Same-sex marriage TV forum censored





MARYLAND — The Montgomery County School Board overruled the school superintendent in April and said school officials should not have pulled the plug on a student-run television program.

The controversy focused on the October edition of the program Shades of Grey, a panel discussion show produced by students at Blair High School for the county cable system’s education channels.

The show dealt with the topic of same-sex marriage and featured guests representing Concerned Women for America and the Eagle Forum, who spoke against the topic, and the D.C. Gay and Lesbian Activists Alliance and People for the American Way in support of it. It was scheduled to air live on October 15, but was not permitted to air due to what school officials called “scheduling problems.” Shades of Grey was taped and rescheduled to air several days later.

But officials for the school district1s educational channels refused to allow the program to go on because of one segment in which officials say a guest “brought up the issue of religion and God in a very heated and controversial manner.”

“At times during the show, the debate did get heated and lively — that’s what Shades of Grey is about,” said Andrea Mirriam, the producer of the show. “I want to share this production with my community.”

Associate Superintendent Joseph Villani supported the decision to pull the show, and told the WBNC staff that the topic was not appropriate for the educational channel. Later,the superintendent’s office downplayed the controversy and began instead to cite technical problems with the show as justification for upholding the censorship.

“Technically, this is a strong show. We haven’t received a technical complaint in eight years,” said Shanon Henry, chief engineer at WBNC. “It’s actually a pretty lame diversion — the real issue here is content.”

Jamin B. Raskin, pro bono counsel for the WBNC staff, said he was “cautiously optimistic” about the students’ appeal to the school board. The students were supported by their faculty adviser, the school’s principal, the Montgomery County PTA, the Maryland Scholastic Press Association and several individuals and community groups.

“This controversy is dealing with content, not technical problems,” said Blair High School principal Philip Gainous, during a press conference organized by the students. “These students have taught me, really, how to go through an adverse situation with dignity and style. We’ll all be better for having watched these children. I fully support them in this.”

The education channels in Montgomery County are considered a “limited public forum,” according to Raskin. The students would like to expand their rights for the future, but say this censorship is a violation even under the current guidelines.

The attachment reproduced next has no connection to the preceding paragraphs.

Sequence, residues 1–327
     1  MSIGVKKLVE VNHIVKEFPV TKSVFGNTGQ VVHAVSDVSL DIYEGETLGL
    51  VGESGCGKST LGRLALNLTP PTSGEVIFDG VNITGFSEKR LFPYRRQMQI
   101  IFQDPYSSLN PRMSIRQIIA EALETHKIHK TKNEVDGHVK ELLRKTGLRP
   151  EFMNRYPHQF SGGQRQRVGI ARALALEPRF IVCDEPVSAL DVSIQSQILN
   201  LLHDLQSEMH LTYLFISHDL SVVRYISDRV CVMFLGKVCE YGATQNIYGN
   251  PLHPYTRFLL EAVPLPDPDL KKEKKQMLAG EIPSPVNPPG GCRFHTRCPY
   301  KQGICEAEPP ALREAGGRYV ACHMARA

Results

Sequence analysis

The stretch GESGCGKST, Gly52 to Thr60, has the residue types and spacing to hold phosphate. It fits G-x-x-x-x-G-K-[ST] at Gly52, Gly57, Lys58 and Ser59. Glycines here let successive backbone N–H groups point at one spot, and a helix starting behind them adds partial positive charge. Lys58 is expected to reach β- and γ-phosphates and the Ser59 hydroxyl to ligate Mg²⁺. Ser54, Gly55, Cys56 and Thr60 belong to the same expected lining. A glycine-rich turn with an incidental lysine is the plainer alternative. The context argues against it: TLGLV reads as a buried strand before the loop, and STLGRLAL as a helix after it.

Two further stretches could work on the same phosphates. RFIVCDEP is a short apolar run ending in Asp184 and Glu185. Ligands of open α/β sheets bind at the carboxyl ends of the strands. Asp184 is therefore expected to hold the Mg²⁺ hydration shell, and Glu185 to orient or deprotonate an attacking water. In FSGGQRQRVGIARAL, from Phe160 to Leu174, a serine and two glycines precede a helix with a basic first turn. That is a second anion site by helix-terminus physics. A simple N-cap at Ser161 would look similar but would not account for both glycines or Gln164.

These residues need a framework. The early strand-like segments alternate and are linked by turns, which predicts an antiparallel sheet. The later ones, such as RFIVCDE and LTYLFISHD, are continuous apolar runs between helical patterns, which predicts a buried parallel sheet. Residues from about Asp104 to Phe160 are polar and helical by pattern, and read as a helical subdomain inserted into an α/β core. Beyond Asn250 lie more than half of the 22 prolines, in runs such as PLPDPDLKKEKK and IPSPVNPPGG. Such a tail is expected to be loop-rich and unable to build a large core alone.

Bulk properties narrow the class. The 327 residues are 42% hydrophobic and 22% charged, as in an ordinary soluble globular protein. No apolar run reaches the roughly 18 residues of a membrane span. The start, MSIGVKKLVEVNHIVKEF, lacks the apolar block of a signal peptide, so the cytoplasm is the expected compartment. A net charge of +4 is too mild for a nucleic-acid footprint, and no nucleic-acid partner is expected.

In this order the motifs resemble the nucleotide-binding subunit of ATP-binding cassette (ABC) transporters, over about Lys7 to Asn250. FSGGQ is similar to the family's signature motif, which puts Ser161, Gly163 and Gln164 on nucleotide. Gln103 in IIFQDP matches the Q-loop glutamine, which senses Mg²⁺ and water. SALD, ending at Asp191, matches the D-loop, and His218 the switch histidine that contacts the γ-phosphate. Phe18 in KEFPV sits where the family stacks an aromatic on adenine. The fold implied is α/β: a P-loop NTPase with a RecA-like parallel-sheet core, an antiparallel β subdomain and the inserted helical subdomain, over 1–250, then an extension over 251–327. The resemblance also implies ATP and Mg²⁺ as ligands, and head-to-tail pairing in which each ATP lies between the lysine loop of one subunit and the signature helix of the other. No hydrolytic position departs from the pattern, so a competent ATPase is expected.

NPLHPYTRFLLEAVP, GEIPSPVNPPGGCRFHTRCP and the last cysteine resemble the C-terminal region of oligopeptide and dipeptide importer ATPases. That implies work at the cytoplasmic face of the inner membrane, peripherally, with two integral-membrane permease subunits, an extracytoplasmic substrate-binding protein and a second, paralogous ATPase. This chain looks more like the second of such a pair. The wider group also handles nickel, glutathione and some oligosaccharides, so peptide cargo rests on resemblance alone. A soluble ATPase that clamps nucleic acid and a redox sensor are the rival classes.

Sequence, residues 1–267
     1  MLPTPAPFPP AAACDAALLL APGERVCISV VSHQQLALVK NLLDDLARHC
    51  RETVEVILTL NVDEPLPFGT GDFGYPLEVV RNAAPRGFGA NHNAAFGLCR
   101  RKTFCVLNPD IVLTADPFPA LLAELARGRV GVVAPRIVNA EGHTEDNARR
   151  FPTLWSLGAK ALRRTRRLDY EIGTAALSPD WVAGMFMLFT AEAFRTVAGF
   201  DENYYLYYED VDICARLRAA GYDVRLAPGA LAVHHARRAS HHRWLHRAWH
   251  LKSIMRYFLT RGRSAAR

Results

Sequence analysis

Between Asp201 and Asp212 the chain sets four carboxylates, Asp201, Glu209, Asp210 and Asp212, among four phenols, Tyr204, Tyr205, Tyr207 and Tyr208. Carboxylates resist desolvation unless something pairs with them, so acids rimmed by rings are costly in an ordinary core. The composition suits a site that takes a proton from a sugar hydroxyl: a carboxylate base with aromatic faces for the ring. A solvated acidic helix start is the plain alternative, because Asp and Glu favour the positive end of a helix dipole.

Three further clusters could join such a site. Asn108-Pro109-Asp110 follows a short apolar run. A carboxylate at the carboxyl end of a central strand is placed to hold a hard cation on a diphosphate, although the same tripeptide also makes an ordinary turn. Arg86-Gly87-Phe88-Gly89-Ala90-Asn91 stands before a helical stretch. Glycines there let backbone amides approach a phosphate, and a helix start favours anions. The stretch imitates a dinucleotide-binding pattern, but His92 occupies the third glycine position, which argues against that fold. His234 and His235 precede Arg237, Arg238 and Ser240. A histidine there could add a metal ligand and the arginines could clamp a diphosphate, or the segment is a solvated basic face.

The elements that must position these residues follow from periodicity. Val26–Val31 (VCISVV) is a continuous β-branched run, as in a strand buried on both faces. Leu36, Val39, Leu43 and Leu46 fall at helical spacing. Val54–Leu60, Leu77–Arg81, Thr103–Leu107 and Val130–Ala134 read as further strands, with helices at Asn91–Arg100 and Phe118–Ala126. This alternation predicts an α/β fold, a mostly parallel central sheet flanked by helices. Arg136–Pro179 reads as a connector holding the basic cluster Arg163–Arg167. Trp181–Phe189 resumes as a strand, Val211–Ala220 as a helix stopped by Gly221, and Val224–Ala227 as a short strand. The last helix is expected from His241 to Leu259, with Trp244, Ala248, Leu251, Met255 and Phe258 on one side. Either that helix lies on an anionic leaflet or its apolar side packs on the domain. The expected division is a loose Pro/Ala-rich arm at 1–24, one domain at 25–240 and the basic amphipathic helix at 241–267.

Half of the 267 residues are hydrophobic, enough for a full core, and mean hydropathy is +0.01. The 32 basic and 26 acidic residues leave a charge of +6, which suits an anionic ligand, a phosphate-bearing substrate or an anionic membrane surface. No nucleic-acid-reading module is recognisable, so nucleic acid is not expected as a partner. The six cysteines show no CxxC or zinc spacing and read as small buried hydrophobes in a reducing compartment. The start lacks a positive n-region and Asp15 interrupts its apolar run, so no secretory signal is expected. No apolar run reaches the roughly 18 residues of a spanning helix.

“It’s not okay to censor on the basis of opinions contained in that forum,” Raskin said. “It was censored because of its content, because of the certain viewpoints of religion presented in the program. They felt this show went over the line when one of the participants expressed his religious viewpoint. Rather than admit their own mistakes, they would rather fault the students.”

The staff of WBNC, headed by executive producer Andrea Stuart, appealed the censorship decision to the school board in January. On April 23, the board voted 5 to 3 to allow the students to air the program.

The board found that the school system had not set clear guidelines for what was considered to be proper programming and was therefore not justified in censoring the show.

School officials were directed to work with the teachers and student leaders of WBNC to establish policies for regulation of the student programs in the future.

As new technology spreads in schools across the country, students and school boards are trying to figure out how much freedom will be afforded to non-print student media. The students at Blair High School say they1ve learned from the experience they went through this year.

“I’ve learned a lot about the appeal process,” producer Mirriam said. “I’ve become less naive about how my school system works. I never in my wildest dreams would have guessed that this show would not be appropriate for Montgomery schools.”

“It feels really good to know that you can work with the system, no matter how much it seems like your enemy,” Stuart said, after the board announced its descision. “I think this is a great victory for all of us as students.”

“If we can’t stand up for free expression in Montgomery County, where can we?” Raskin said referring the fact that the suburb of Washington, D.C., is generally regarded as one of the most progressive in the country when it comes to educational policy.

“What we1re in search of is a few adults in the Montgomery school system who will be willing to admit that they’ve made a mistake.”


reports, Spring 1997